Abuse1

Handicapped child leads mother to verbal abuse.

Children with handicaps of any sort have special requirements. In addition, parents may need support, education, and counseling. If verbal and mental abuse are present, these are real concerns also, because these types of abuse last just as long as physical abuse.

Dr. Luv The Relationship Coach Letter Verbal Abuse

Dear Dr. Luv,

We found your website covering the dynamics of abuse but we’re not sure how we are supposed to access your counseling beyond use of the e-mail address given there.

In any case, here is our problem: Our grandson was born with a brain tumor which, though successfully removed, has left him severely delayed.

Our daughter was devastated by this event in her life and has fiercely defended him against all outside criticism, but in the past year, voicing the feeling that his birth "ruined my life," she has become extremely verbally abusive toward him, screaming at and cursing at every infraction.

All attempts on our part to intervene are met first, with denial that any problem exists and finally, with the accusation, primarily on the part of her husband, that we are "interfering" in their parenting.

We love our daughter very much and always have been very close to her but this is putting a terrible strain on our relationship.

How can we get her to realize the terrible pain her verbal abuse is causing our grandson and all of us?

Please let us know by e-mail if we should seek an answer to this dilemma on your website or through e-mail counseling here.

We would be most grateful.

Many thanks.

Grandparents

This column is for educational and entertainment purposes. The advice given is merely my thoughts. Professional advice should be sought before any decisions are made. Email your letters to: luv@cyberparent.com

or snail mail to Dr. Luv P.O. Box 610314 D/FW Airport, TX 75261

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Reply from Dr. Luv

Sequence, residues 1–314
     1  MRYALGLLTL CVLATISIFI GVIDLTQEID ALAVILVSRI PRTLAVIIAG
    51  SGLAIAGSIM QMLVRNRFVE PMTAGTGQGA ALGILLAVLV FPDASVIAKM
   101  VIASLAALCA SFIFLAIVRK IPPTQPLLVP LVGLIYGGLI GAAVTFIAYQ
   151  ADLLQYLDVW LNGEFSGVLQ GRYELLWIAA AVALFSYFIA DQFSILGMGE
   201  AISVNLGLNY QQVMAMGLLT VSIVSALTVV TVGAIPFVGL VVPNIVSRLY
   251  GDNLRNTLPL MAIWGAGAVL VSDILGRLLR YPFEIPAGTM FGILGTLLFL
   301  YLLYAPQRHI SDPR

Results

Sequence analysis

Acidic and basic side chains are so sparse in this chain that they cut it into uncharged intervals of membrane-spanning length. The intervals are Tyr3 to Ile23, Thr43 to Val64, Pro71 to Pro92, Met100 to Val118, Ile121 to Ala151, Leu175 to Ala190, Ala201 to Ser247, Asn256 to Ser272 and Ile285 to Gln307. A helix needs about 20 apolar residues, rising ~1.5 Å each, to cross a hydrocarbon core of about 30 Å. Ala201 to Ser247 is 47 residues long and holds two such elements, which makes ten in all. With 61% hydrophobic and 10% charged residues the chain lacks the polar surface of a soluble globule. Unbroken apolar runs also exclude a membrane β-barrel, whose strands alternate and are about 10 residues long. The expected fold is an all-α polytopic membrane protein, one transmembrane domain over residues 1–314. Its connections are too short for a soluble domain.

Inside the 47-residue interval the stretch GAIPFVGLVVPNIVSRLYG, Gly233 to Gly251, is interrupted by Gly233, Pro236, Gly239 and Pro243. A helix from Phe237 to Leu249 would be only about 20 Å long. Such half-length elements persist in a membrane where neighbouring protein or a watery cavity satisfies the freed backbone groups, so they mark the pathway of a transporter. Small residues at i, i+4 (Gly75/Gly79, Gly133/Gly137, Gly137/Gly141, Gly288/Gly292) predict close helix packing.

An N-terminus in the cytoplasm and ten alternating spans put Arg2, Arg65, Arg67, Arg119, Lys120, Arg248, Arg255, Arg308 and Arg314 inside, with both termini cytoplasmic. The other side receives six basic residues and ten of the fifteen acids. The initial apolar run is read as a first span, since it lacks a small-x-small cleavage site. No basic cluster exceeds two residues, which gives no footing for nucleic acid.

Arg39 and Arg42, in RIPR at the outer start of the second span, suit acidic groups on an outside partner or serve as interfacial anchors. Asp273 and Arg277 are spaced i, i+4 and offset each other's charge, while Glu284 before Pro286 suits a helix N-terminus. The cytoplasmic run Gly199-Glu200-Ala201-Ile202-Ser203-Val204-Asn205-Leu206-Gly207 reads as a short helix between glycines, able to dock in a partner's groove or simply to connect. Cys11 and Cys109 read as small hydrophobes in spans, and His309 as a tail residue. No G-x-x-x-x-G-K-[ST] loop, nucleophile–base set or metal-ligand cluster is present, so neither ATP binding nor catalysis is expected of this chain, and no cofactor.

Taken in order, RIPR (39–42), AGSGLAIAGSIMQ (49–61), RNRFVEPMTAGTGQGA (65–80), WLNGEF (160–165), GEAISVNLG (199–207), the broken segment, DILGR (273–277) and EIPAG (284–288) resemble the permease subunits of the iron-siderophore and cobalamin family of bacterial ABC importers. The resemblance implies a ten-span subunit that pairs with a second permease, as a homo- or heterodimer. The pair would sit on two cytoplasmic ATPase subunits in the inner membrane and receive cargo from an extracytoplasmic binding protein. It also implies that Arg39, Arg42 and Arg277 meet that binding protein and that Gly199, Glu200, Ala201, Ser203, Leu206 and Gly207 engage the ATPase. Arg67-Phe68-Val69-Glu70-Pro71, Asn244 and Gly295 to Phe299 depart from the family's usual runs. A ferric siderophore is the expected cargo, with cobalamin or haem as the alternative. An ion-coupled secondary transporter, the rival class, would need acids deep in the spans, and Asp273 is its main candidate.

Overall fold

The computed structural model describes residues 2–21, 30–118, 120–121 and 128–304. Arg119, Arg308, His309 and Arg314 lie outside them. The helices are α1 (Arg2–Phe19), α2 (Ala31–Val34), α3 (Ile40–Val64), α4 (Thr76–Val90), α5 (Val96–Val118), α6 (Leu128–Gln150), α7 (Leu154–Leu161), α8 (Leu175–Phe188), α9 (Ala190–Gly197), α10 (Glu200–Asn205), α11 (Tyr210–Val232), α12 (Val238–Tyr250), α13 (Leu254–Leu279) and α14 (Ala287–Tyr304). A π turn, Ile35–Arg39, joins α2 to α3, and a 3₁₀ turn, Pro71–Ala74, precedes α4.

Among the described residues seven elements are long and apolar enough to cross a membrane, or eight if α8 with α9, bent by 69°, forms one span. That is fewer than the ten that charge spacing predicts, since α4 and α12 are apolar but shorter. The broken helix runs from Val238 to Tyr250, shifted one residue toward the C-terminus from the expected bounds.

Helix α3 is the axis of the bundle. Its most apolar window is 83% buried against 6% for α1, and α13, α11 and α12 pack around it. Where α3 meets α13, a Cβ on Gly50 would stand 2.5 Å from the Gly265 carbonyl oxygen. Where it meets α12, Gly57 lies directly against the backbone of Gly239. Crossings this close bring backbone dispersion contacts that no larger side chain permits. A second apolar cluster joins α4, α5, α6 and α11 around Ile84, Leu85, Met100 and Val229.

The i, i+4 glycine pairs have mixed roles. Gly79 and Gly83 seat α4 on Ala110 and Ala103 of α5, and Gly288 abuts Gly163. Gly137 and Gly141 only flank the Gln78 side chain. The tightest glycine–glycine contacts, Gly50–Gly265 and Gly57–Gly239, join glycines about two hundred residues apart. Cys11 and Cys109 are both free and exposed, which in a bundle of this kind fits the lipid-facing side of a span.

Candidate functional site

Dear Grandparents, I understand your situation. It is one that causes much pain and suffering. I will say that this child will have some special requirements.

Find out from the medical arena what support is available for your daughter’s family and your grandson.

The doctors that did the surgery may be able to give you some references and help.

There are agencies, private and governmental, that can help with professional evaluation and financial assistance if needed.

You might also seek out a good mental health counselor who works with children and adults. The counselor may be able to help your daughter with her problems.

Your best approach may be education.

Read all you can.

Most areas have classes for parents whose children have suffered this type of trauma.

Do your homework, then give the results to your daughter and son-in-law. Pray they will use them wisely.

There is no easy answer with this situation and the reference that you are "interfering" may be just a defense used out of fear.

You didn’t say how old your daughter is but denial is usually a factor with parents of any age whose children have a handicap.

Assure your daughter that your only concerns are for the well-being of the family and your grandson.

Your concerns are real. Verbal and mental abuses are just as damaging as physical abuse and last just as long.

Be gentle with everyone; this is not easy for anyone. Good Luck and God Bless, Dr. Luv

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